Tony Rossi, Director of Communications, The Christophers

Finding Christ in Brokenness

     The Society of St. Vincent de Paul is known as a global force for good because of the services

and human kindness they provide to people in need. Michael Vanderburgh is now helping to further

that mission even more in his Dayton, Ohio community by becoming its executive director there. It’s

a job he took because he felt drawn to it as a Catholic. But Vanderburgh is also someone whose

faith journey has not been a straight line because he is a survivor of child sexual abuse by a priest. His struggles, however, have made him the perfect person to help those in vulnerable situations.

     During an interview on “Christopher Closeup,” Vanderburgh said, “Over my lifetime…where I felt the presence of Jesus Christ the most was in my accompaniment of the poor.” In his work, he oversees Dayton’s Vincentian volunteers who commit their lives to accompanying and serving the poor, running food pantries and two homeless shelters, and keeping residents in their homes if possible. Recently, a family came to the Society because the 11 members of their household were facing eviction. The Society not only helped them stay in their home, but also guided them in seeking assistance from both private and government groups that could stabilize their situation.

Vanderburgh admits that he is a cradle Catholic whose faith was always in the background, but he wasn’t a regular fixture at Sunday Mass like he is today. He credits his mother “with being the strong, stable foundation for my faith.” But over time, he says, “I’ve learned to know the love of Christ and to fully embrace my faith as my brokenness allows.”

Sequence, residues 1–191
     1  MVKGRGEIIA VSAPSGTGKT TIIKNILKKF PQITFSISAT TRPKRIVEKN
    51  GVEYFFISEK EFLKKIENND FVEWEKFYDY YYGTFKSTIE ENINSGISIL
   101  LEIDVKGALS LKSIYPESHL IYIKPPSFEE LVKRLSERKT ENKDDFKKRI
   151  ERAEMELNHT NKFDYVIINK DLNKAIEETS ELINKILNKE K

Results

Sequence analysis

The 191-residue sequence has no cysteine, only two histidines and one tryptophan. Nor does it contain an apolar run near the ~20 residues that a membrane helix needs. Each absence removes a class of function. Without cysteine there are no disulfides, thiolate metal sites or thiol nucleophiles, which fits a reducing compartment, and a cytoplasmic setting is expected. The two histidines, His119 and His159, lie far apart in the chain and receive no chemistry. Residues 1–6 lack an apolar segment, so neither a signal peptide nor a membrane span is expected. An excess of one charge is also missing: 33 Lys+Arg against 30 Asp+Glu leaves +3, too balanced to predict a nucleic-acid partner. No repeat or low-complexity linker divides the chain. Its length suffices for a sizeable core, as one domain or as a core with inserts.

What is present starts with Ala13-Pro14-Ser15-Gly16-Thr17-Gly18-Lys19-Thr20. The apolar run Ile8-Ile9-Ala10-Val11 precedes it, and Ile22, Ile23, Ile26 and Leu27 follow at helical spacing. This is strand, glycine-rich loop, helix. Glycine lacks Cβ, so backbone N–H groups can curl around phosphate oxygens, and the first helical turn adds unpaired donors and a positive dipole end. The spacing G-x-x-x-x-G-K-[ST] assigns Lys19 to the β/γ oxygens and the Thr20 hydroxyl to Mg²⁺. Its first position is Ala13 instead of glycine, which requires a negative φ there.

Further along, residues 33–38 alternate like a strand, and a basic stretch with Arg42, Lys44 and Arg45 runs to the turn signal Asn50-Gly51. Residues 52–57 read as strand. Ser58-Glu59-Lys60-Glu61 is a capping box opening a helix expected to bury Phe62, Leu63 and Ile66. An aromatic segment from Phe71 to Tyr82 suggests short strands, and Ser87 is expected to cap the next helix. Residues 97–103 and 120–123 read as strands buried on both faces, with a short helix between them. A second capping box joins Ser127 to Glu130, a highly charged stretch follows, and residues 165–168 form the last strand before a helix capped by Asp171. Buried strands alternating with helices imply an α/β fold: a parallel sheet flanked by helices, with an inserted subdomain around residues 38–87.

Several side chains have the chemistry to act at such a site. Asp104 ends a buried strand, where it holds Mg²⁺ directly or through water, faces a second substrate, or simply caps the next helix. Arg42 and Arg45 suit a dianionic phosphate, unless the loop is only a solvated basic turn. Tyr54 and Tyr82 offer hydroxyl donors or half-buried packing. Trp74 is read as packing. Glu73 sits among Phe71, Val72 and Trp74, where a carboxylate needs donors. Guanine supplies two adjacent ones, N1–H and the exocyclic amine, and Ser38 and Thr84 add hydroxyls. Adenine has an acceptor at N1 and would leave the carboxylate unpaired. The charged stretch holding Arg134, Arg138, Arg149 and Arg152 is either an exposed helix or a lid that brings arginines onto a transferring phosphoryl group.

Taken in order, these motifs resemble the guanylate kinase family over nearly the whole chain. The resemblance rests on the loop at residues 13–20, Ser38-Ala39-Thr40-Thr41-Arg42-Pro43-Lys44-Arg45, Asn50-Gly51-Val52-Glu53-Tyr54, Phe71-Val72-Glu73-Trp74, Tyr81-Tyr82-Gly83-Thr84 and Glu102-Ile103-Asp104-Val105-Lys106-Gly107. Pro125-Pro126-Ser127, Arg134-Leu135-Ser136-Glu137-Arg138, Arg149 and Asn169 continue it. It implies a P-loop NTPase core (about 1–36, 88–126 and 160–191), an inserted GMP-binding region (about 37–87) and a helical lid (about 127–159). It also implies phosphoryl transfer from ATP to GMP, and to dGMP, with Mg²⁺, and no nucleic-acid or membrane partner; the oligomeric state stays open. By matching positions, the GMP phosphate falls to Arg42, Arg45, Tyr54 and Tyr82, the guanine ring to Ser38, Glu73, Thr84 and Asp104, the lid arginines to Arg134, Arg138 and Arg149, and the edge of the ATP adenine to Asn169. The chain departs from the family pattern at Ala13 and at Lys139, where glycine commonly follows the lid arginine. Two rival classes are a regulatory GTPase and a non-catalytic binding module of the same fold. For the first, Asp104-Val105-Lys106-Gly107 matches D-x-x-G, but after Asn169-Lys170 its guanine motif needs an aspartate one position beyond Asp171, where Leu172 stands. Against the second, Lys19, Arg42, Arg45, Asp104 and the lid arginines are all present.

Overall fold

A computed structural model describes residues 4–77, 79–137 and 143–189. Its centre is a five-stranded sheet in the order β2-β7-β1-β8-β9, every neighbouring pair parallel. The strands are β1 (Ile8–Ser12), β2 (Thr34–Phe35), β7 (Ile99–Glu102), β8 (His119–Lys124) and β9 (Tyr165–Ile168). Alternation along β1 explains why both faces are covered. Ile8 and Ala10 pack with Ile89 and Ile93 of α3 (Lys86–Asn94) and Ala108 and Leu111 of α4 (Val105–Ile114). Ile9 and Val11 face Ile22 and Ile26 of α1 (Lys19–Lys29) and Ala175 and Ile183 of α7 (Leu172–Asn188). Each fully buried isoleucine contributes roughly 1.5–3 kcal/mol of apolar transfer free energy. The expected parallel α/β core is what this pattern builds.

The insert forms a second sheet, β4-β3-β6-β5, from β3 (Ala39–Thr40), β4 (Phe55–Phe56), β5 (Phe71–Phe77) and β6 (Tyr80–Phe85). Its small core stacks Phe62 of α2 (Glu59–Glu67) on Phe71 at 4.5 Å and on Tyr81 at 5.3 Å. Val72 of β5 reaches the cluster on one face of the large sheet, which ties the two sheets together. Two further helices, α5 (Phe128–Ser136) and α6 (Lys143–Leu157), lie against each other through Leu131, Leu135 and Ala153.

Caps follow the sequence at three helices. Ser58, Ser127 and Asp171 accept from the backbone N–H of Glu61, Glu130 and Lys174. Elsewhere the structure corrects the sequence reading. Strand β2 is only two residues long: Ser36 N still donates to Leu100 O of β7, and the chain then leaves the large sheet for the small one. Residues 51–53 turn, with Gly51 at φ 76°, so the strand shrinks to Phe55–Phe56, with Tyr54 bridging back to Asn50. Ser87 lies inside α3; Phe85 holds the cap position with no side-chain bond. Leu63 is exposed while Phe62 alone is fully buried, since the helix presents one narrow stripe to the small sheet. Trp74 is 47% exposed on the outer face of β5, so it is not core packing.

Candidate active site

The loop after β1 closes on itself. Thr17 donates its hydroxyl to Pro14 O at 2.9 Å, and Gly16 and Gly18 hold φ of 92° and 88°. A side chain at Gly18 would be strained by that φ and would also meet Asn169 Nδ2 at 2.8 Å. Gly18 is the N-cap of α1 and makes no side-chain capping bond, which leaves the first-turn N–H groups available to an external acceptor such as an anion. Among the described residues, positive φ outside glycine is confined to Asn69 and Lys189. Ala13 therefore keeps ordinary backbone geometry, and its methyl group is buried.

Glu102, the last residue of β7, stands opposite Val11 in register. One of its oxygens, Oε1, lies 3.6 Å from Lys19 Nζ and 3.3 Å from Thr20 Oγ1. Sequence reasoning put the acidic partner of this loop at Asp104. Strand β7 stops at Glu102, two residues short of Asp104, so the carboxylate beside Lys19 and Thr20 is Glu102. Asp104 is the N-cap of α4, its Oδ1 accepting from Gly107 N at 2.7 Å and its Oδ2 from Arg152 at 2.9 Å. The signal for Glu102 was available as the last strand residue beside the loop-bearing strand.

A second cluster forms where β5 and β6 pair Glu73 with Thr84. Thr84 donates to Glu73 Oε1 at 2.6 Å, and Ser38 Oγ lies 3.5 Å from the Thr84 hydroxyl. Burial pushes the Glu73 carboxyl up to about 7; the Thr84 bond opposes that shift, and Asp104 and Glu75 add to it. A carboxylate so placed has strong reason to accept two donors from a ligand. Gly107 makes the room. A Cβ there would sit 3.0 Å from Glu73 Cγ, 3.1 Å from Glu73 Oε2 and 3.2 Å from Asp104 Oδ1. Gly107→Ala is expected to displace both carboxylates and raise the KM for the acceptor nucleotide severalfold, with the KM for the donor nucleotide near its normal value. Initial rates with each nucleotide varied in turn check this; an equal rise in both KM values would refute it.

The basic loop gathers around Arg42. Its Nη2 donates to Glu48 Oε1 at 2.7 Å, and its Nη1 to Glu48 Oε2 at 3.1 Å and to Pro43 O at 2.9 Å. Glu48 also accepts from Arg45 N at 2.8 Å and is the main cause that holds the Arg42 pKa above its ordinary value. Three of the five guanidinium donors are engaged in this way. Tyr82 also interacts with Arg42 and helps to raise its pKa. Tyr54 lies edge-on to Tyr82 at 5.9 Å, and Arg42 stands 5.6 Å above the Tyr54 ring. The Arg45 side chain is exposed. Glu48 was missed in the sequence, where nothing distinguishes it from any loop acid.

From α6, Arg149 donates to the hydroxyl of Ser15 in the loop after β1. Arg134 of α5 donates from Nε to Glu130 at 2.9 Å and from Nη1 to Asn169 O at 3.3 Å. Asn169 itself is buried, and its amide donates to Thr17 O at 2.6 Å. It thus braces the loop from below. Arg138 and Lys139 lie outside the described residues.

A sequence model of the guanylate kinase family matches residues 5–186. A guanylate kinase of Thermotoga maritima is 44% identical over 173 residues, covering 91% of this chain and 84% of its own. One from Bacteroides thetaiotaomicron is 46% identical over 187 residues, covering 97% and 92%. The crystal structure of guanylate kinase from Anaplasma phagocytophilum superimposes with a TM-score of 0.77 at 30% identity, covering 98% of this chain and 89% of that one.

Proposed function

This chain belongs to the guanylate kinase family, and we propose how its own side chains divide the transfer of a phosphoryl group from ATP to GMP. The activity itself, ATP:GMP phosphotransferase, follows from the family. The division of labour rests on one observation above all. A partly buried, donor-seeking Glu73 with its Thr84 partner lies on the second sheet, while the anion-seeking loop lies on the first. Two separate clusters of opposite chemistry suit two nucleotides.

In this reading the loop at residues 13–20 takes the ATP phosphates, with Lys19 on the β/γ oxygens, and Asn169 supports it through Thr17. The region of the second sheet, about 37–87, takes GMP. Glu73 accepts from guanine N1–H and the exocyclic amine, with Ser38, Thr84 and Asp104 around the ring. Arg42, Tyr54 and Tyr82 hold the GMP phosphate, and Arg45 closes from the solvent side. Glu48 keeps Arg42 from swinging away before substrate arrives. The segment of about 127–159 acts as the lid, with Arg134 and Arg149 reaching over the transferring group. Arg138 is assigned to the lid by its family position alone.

Part of that brokenness stems from the fact that during his childhood, Vanderburgh was sexually abused by a priest. Being able to move forward from that experience without losing his faith was difficult, but he learned to differentiate the Church as the mystical Body of Christ from the fallible human beings who run it.

     Vanderburgh says, “Through grace, I came to the realization that what Christ has planned for His church is not necessarily represented by the humans that make it up at any given point...And so that humility, to recognize that God has challenged us to work together to spread His Gospel, that means that I have a responsibility, even as someone who was hurt by the Church; I have a responsibility to do what I can to live my life and to help lead others in a similar way that brings us closer to God.”

     In the end, Vanderburgh has his share of scars from the past, but he sees them as a link with the people he serves through the St. Vincent de Paul Society, who have also struggled and endured. He concludes, “We have to remember that God humbled Himself to come among us in a vulnerable fashion: a baby in a manger. How much more vulnerable can you get than that? And not only that, He witnessed in a very public way in His adult ministry how to be vulnerable, and how to endure suffering, and how to make that part of understanding what God is; what is love, how do we understand the depth of love apart from suffering? How do we understand light apart from darkness? So this theme is really important to me in my Christian experience, and I hope that my work and my ministry helps others discover the same.”

 

For free copies of the Christopher News Note ACCEPTING THAT GOD LOVES YOU, write: The Christophers, 5 Hanover Square, New York, NY 10004; or e-mail: mail@christophers.org       

  

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